NGOs operate in a restrictive environment and must register every five years under the 2009 NGO Act. In 2020, the PF government amended the law to increase monitoring of NGO funds for possible illegal activities such as money laundering and the financing of terrorism. The Hichilema cabinet committed to repealing and replacing the act in June 2022, though it remained in force at year’s end.
|Is there freedom for trade unions and similar professional or labor organizations?||3.003 4.004|
The law generally provides for the right to join unions, strike, and bargain collectively, though workers in essential services do not have the right to strike, including the mining industry. Zambian trade unions, which were once among Africa’s strongest, suffered interference and marginalization under the PF.
|Is there an independent judiciary?||2.002 4.004|
Judicial independence is guaranteed by law, but the judiciary is subject to political pressure in practice.
In October 2022, Hichilema named Gilbert Phiri director of public prosecutions, replacing Lilian Siyuni, a Lungu appointee. Siyuni, whose involvement in the corruption case of a Lungu-appointed mine liquidator led to disagreements with Hichilema, contested the move at the Constitutional Court but Phiri’s appointment took effect by December.
|Does due process prevail in civil and criminal matters?||2.002 4.004|
Pretrial detainees are sometimes held for years without trial owing to case backlogs. Many of the accused lack legal representation. Bail is frequently denied to detainees. In rural areas, customary courts of variable quality—whose decisions often conflict with the constitution and national law—decide many civil matters. In September 2022, the Human Rights Commission called on the police to more speedily bring suspects to court and grant bail.
|Is there protection from the illegitimate use of physical force and freedom from war and insurgencies?||2.002 4.004|
Allegations of police brutality, including the use of torture to extract confessions, are widespread. Security forces generally operate with impunity. Conditions in pretrial detention facilities and prisons are poor, with reports of forced labor, abuse of inmates by authorities, and deplorable health conditions.
In December 2022, the government removed a penal-code provision allowing for the death penalty. However, the penalty still remains in Bill of Rights, which can only be amended by a referendum. No executions have taken place since 1997.
|Do laws, policies, and practices guarantee equal treatment of various segments of the population?||2.002 4.004|
Women are constitutionally guaranteed the same rights as men, but gender-based discrimination and sexual harassment are prevalent in practice. Same-sex sexual activity is criminalized and is punishable by up to life in prison.
LGBT+ groups faced opposition from religious and anti-LGBT+ activists for their apparent participation at a September 2022 fashion event in Lusaka. That month, Home Affairs Minister Jacob Mwiimbu reiterated the illegality of same-sex activity and warned that the government would prosecute cases.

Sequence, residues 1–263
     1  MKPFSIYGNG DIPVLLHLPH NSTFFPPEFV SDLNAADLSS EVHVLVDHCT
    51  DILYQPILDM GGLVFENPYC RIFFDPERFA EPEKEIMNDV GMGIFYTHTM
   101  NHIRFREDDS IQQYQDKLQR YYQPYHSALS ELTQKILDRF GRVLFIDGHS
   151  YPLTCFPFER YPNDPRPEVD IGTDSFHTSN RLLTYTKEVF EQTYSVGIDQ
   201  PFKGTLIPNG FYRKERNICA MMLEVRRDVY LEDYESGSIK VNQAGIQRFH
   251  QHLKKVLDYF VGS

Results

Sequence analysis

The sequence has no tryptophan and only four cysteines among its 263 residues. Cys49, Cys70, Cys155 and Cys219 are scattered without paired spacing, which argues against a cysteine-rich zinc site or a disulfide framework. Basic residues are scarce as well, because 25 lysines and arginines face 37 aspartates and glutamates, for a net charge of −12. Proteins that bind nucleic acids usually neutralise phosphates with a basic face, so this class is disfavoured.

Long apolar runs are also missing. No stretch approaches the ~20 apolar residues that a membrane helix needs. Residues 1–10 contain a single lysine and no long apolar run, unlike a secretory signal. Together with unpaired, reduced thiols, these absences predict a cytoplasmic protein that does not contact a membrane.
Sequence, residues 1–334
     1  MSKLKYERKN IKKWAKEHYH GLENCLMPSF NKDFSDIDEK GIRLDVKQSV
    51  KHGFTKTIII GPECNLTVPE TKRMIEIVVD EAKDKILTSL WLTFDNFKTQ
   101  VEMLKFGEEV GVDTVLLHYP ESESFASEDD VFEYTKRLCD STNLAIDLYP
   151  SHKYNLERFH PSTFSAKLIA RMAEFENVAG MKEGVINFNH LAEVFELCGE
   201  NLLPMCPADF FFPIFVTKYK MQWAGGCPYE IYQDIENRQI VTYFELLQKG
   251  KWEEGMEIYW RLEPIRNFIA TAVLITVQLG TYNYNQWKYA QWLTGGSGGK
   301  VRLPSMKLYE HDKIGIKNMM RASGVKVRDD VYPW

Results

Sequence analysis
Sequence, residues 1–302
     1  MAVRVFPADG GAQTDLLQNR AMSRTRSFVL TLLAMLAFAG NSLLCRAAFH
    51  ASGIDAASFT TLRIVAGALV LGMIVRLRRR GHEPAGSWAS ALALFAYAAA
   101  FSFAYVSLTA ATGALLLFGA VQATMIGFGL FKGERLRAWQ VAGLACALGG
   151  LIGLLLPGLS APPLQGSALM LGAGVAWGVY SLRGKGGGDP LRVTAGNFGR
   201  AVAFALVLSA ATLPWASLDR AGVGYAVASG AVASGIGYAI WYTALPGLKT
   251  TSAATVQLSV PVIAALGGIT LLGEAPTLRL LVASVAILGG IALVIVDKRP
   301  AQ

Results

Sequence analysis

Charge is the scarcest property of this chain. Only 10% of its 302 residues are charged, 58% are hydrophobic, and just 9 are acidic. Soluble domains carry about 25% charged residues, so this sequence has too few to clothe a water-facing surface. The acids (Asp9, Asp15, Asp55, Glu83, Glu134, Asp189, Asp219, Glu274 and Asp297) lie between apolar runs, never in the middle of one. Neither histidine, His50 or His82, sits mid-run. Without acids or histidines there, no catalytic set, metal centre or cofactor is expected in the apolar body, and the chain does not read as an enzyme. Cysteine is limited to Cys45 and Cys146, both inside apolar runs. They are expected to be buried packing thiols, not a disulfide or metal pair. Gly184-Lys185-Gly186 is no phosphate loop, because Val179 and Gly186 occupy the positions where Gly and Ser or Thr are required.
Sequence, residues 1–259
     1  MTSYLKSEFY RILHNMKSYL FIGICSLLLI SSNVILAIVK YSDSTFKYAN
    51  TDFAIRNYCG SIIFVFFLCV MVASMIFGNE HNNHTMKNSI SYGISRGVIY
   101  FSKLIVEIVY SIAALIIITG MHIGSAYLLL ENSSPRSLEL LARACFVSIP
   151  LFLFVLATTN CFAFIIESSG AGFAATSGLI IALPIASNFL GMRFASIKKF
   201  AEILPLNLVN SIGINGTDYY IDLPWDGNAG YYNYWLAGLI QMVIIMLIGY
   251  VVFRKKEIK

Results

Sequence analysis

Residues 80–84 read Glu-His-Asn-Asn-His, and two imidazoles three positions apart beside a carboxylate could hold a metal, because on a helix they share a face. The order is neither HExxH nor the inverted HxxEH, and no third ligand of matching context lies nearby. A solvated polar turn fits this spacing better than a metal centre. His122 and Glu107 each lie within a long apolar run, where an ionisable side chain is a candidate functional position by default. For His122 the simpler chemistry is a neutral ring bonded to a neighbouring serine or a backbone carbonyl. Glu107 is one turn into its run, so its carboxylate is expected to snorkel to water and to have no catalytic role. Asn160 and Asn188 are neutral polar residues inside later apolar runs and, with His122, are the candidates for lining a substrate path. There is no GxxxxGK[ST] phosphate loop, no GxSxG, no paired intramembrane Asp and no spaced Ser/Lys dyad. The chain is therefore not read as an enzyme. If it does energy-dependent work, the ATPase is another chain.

Refugees are protected under local and international law but often suffer from limited access to basic services and gender-based violence. As of October 2022, Zambia hosted nearly 67,000 refugees, many from the Democratic Republic of Congo.
|Do individuals enjoy freedom of movement, including the ability to change their place of residence, employment, or education?||3.003 4.004|
The government generally respects the constitutionally protected right to free internal movement and foreign travel. However, internal movement is often impeded by petty corruption, such as police demands for bribes at checkpoints.
|Are individuals able to exercise the right to own property and establish private businesses without undue interference from state or nonstate actors?||2.002 4.004|
Agricultural land in rural areas is mostly administered under traditional authorities. However, the president retains ultimate authority over all land and can intercede to block or compel its sale or transfer. Women are frequently discriminated in property and inheritance matters. The process of meeting regulatory requirements for starting and operating businesses can be lengthy and opaque.
|Do individuals enjoy personal social freedoms, including choice of marriage partner and size of family, protection from domestic violence, and control over appearance?||2.002 4.004|
Personal status issues such as marriage and divorce are governed by either statutory or customary law, with customary practices varying among different ethnic groups.
Domestic abuse is common, and traditional norms inhibit many women from reporting assaults.
|Do individuals enjoy equality of opportunity and freedom from economic exploitation?||1.001 4.004|
Labor exploitation, child labor, and human trafficking are prevalent in Zambia. The US State Department’s Trafficking in Persons Report 2022 noted that the government launched a national action plan to address trafficking but also noted that forms of child sex trafficking were not explicitly made illegal during its reporting period. In November 2022, the government amended the Anti-Trafficking Act prohibiting child trafficking. Ethiopians have been trafficked into Zambia; in December, 27 men believed to be Ethiopians were found dead near Lusaka.
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Global Freedom Score54 100 partly free
Internet Freedom Score58 100 partly free